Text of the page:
Since its publication last week, Karl Rove's memoir, Courage and Consequences, has inspired heated debate between commentators on the right and left. As conservative blogger Ed Morrissey at Hot Air noted: "[The book] is already generating some of the histrionics and nastiness we saw from the [liberal] media during the Bush administration." This weekend, Frank Rich of The New York Times officially weighed in. A key passage:
"There’s a good reason why Rove’s memoir is titled “Courage and Consequence,” not “Truth or Consequences.” Its spin is so uninhibited that even “Brownie, you’re doing a heck of a job!” is repackaged with an alibi. The book’s apolitical asides are as untrustworthy as its major events. For all Rove’s self-proclaimed expertise as a student of history, he writes that eight American presidents assumed office “as a result of the assassination or resignation of their predecessor.” (He’s off by only three.) After a peculiar early narrative detour to combat reports of his late adoptive father’s homosexuality, Rove burnishes his family values cred with repeated references to his own happy heterosexual domesticity. This, too, is a smoke screen: Readers learned months before the book was published that his marriage ended in divorce.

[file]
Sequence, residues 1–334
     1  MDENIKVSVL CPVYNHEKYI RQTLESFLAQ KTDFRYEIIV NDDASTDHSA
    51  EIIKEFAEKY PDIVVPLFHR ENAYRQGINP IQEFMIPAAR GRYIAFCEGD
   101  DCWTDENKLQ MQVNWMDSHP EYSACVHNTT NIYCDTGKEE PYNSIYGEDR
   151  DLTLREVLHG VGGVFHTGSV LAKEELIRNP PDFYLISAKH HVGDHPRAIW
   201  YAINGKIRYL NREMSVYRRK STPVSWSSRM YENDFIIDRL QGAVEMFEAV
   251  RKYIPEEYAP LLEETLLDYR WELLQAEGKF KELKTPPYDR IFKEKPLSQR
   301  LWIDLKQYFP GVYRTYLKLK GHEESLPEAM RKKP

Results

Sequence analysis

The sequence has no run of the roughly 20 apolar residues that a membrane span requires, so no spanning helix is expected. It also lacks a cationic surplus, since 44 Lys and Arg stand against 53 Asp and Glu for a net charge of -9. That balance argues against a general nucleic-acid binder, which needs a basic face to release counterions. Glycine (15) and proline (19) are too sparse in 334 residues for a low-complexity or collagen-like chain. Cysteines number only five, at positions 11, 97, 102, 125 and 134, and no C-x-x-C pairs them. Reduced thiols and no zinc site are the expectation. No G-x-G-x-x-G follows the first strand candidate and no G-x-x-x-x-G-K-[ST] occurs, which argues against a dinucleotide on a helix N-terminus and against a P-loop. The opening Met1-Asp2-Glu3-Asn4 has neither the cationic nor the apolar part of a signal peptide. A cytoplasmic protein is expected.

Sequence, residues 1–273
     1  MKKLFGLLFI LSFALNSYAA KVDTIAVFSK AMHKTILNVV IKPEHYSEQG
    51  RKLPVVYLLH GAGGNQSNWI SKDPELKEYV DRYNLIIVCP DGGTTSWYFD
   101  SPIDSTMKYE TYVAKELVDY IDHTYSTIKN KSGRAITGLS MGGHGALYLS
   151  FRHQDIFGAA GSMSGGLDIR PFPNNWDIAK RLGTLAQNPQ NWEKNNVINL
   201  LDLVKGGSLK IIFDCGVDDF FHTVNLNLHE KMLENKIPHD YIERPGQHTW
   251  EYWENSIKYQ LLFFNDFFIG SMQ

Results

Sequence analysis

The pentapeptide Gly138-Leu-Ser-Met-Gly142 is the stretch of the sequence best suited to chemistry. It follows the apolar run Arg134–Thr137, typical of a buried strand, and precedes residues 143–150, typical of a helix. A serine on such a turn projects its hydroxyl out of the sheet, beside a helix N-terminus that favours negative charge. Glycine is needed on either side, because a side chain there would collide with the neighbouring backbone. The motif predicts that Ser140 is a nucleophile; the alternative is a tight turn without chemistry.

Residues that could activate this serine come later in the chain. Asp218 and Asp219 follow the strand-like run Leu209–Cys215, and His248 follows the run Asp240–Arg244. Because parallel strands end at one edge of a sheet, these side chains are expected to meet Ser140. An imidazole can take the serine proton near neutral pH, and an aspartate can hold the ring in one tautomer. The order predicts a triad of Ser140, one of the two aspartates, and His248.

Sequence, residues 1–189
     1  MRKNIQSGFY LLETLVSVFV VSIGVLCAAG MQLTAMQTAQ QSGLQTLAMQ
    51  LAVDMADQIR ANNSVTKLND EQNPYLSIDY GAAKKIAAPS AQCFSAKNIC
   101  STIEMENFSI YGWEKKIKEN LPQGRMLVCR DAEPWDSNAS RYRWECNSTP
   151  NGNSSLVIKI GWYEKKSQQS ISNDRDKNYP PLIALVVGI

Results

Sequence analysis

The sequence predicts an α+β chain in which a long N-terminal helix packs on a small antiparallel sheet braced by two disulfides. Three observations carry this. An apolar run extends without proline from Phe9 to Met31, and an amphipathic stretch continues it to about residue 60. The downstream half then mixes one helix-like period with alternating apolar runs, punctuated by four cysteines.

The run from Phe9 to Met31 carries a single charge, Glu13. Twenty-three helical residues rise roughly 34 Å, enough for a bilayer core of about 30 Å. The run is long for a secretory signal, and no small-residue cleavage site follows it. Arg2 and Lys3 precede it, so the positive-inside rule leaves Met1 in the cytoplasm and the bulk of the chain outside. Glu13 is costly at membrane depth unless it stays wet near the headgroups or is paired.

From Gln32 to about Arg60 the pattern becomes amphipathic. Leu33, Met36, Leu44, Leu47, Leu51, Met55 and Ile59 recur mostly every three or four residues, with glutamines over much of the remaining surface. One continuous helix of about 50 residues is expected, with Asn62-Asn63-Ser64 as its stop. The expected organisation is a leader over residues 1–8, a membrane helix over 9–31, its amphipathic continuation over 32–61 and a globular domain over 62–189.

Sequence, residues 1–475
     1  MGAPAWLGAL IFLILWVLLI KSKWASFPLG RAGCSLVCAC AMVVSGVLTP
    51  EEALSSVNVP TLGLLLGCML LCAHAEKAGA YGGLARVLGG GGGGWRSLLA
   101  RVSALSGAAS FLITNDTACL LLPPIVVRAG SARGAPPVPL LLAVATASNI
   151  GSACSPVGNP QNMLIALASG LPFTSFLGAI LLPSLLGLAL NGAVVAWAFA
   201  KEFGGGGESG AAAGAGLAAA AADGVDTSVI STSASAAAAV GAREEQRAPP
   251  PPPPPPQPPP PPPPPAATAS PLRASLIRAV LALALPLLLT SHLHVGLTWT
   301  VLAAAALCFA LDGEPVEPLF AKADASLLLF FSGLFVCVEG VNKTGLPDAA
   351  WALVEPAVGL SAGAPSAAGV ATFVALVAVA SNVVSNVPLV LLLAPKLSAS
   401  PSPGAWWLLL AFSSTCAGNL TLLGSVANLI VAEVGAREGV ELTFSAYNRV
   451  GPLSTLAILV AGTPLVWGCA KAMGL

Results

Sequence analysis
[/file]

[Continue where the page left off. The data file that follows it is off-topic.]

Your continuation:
"Rove’s overall thesis on the misbegotten birth of the Iraq war is a stretch even by his standards. “Would the Iraq war have occurred without W.M.D.?” he writes. “I doubt it.” He claims that Bush would have looked for other ways “to constrain” Saddam Hussein had the intelligence not revealed Iraq’s “unique threat” to America’s security. Even if you buy Rove’s predictable (and easily refuted) claims that the White House neither hyped, manipulated nor cherry-picked the intelligence, his portrait of Bush as an apostle of containment is absurd."